Three theaters—two specially outfitted by Sony Electronics just for this festival, including the Museum’s iconic Great Hall—provide the backdrop for the programs and screenings, which includes films about icons like Jane Jacobs, Bjarke Ingels, Dries Van Noten, Frank Gehry, Richard Neutra, and more.

Attendees can relax between screenings in the Film Festival Lounge, with furniture provided by Herman Miller, and watch additional short films on a Sony Home Theater System. Festival-goers can also take part in new short virtual reality experiences from Scenic, a Brooklyn-based virtual reality studio focusing on nonfiction VR. The VR films include:

  • This Is What the Future Looked Like
    This Is What the Future Looked Like explores the philosophies and work of futurist architect Buckminster Fuller. The piece features stunning 360° views of Fuller’s geodesic domes that are only possible with VR, an archival voiceover by Fuller, and an original score by the band Yo La Tengo.
  • Inside the Biennale: Toward Venice
    What does it mean to participate in the world’s most influential art exhibition? For both artists and curators, it’s a chance to bring boundary-pushing work to the eyes of the international art world, and make history as part of a 112-year old tradition. Insiders like Massimiliano Gioni, Carol Bove, and Christian Marclay guide us towards the 2017 Venice Biennale, and give first-hand impressions of the city, all in 360°.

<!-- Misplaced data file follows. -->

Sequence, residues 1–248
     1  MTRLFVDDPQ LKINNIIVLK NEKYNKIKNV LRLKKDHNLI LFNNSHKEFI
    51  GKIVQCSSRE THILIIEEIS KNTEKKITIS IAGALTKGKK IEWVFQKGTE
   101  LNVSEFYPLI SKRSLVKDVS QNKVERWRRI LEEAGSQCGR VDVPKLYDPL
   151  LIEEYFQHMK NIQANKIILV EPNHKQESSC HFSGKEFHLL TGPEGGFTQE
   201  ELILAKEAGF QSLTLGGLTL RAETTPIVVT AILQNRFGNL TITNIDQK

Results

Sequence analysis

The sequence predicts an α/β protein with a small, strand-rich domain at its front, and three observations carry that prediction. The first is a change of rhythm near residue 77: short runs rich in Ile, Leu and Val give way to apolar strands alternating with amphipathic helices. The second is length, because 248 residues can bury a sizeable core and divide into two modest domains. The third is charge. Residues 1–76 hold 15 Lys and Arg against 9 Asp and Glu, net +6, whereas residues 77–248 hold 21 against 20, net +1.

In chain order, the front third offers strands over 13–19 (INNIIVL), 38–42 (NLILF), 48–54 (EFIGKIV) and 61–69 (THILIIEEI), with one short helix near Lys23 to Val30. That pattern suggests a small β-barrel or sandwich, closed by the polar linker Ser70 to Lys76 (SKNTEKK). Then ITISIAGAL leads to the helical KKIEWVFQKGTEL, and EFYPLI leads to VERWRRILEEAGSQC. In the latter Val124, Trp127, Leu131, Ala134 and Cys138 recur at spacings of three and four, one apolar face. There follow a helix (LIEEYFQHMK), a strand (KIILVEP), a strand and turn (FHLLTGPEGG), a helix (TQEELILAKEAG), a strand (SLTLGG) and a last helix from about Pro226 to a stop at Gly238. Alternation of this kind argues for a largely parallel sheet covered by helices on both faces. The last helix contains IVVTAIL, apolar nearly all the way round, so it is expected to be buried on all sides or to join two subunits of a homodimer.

The full schedule is available at; a downloadable PDF is available here. Tickets are $12 for Museum members, $10 for students, and $15 for non-members. An all access pass that includes Opening Night is $125. Continuing education credits are available for select films.

ADFF: D.C. is presented by the Revada Foundation, courtesy of the estates of Reva and David Logan, with additional support from American Institute of Architects, The Howard Hughes Corporation, and Bonstra | Haresign Architects. The film festival lounge is furnished by Herman Miller, and the projection equipment provided by Sony Electronics.

Press passes are available; please contact Emma Filar at Images are available at

The National Building Museum is America’s leading cultural institution dedicated to advancing the quality of the built environment by educating people about its impact on their lives. Through its exhibitions, educational programs, online content, and publications, the Museum has become a vital forum for the exchange of ideas and information about the world we build for ourselves. Public inquiries: 202.272.2448 or visit Follow us on Twitter: @BuildingMuseum and Facebook:

Founded in 2009, the Architecture & Design Film Festival celebrates the creative spirit that drives architecture and design. Through a curated selection of films, events, and panel discussions, ADFF creates an opportunity to educate, entertain, and engage all types of people who are excited about architecture and design. It has grown into the nation’s largest film festival devoted to the subject with an annual festival in New York and satellite events around the world. For more information, visit or @ADFILMFEST on Facebook, Twitter, and Instagram.